"You can buy a $50,000 SAN with 4.5TB of ATA disk or a million-dollar system with 4.5TB of Fibre Channel disk. It just depends on the components you put in there," Sink says. He adds that it's also important to project your data volume growth for about 36 months and make sure your equipment will meet your needs.

Wait a Minute

Passmore acknowledges that midrange storage systems are a great buy. "They are cheaper on a dollar-per-gigabyte basis," he says. But, he warns, there are a lot of misconceptions about the true affordability of midrange storage systems, particularly when it comes to their ability to fulfill large enterprise needs.

"Midrange arrays are smaller and have less inherent horsepower than high-end arrays," Passmore says. "If you're building a large, complex environment, you'd need more of those smaller arrays, which means you'll have more to manage. You don't build volumes across arrays, you build them across a single array."

And unlike midrange arrays, high-end arrays such as EMC's Symmetrix, Hitachi's Lightning and IBM's Shark come with multiprotocol connectivity for Ficon and Escon mainframe connectivity as well as iSCSI. Midrange arrays are usually dedicated to one protocol only. The only exception to that rule in the midrange market is NetApp, which offers high-end Ficon, Escon and iSCSI connectivity on its FAS line of arrays, Passmore says.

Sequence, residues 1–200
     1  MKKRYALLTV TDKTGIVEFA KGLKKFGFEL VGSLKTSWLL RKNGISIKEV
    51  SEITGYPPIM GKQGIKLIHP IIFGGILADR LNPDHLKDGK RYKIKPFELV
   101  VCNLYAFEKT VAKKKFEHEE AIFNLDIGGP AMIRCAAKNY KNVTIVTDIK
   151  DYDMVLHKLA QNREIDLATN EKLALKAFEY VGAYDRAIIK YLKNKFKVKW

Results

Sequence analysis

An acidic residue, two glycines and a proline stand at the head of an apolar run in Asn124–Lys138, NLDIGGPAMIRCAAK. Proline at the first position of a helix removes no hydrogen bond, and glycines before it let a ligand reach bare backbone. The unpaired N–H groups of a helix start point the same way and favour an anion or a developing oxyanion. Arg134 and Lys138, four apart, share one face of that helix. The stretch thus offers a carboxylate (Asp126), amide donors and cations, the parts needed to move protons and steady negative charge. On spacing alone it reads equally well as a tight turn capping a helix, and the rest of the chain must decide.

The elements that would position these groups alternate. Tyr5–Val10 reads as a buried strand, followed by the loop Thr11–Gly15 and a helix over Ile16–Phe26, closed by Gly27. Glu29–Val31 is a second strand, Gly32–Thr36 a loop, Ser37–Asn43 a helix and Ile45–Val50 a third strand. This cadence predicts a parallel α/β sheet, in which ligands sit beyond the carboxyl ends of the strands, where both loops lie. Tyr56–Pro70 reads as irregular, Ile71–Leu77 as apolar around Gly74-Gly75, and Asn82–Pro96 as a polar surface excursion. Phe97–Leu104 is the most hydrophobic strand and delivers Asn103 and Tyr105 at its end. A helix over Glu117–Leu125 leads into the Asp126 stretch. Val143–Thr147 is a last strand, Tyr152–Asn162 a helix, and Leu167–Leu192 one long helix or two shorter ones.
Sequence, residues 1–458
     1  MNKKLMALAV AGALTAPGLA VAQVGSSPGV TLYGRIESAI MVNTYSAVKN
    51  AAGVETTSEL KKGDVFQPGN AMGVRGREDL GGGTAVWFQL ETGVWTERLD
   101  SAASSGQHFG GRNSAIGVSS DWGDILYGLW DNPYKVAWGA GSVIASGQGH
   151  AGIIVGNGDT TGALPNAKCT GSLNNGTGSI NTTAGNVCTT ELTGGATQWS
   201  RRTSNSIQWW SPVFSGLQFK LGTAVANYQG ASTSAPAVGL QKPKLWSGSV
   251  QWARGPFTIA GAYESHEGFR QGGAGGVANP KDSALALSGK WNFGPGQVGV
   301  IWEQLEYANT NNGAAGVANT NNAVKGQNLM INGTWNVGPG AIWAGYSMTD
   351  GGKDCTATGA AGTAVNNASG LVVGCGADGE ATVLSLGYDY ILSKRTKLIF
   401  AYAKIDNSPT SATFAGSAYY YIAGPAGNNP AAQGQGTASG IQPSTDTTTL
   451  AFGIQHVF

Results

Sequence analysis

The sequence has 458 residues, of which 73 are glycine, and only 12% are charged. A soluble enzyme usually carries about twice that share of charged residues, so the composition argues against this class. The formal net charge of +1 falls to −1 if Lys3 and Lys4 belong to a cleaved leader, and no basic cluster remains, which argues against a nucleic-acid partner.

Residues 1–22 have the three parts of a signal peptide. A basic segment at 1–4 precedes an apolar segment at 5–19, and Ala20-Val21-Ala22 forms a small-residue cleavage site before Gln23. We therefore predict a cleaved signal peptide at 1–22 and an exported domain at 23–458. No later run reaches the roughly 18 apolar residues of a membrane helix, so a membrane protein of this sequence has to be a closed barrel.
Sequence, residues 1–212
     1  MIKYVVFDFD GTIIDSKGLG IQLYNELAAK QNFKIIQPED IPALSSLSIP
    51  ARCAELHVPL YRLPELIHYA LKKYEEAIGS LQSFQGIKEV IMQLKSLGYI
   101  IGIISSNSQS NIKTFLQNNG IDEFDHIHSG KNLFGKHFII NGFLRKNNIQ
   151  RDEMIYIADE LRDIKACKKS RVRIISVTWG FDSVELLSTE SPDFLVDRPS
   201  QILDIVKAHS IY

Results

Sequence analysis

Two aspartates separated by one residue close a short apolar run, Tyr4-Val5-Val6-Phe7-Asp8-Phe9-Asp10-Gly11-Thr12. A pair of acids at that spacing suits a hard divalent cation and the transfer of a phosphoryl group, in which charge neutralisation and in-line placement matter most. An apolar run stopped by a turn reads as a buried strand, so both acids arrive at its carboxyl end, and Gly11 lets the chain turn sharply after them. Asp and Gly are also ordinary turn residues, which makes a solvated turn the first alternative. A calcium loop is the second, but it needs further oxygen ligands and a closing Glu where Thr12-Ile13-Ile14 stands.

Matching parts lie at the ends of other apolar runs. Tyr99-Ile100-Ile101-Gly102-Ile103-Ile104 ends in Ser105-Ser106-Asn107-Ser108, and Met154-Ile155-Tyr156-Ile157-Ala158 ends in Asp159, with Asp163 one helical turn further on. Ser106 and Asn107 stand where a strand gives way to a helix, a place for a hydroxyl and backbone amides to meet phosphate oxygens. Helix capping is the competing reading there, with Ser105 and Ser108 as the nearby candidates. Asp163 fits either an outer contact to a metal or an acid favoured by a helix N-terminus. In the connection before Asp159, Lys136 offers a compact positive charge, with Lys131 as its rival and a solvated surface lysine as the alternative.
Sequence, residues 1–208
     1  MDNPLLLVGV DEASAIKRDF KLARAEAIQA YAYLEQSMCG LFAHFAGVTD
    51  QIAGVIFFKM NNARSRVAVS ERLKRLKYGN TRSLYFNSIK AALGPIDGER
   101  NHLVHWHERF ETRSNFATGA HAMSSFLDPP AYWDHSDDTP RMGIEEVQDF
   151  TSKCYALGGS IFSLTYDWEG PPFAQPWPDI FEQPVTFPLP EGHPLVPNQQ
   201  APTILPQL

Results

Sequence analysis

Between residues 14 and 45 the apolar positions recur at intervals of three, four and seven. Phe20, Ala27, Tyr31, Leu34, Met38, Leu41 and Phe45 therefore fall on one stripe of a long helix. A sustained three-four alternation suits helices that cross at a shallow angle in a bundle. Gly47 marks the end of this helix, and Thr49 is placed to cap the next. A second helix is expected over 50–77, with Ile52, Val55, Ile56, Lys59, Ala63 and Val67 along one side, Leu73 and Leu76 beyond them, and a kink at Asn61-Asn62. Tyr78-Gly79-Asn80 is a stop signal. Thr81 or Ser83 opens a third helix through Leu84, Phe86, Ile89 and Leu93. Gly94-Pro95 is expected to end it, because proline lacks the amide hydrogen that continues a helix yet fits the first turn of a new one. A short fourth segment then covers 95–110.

Another area in which high-end arrays beat out midrange arrays is in asynchronous or synchronous long-distance replication of data, which requires consistency checks, or the ability to ensure that data sent across long distances is consistent with the original data.

In the past 18 to 24 months, vendors have pioneered significant advancements in long-distance replication in their high-end arrays. It's now possible for high-end arrays to maintain consistency across large applications running SAP or Oracle on 20 or more servers, says Passmore.

To maintain an application's performance over long distances, the application must go ahead of the remote copy of data, and that requires a substantial buffer or cache. "Midrange arrays can't do this," he says.

The bottom line, Passmore says, is that for many users that need shared storage, either midrange or high-end arrays fit the bill. But for very high scalability and performance, midrange systems continue to lag behind their bigger brothers.

STORAGE SALES 2004

High-end storage sales revenue: $5.023B

Units sold: 10,543

Midrange storage sales revenue: $6.851B

Units sold: 168,015

Source: Gartner Inc.

Copyright © 2005 IDG Communications, Inc.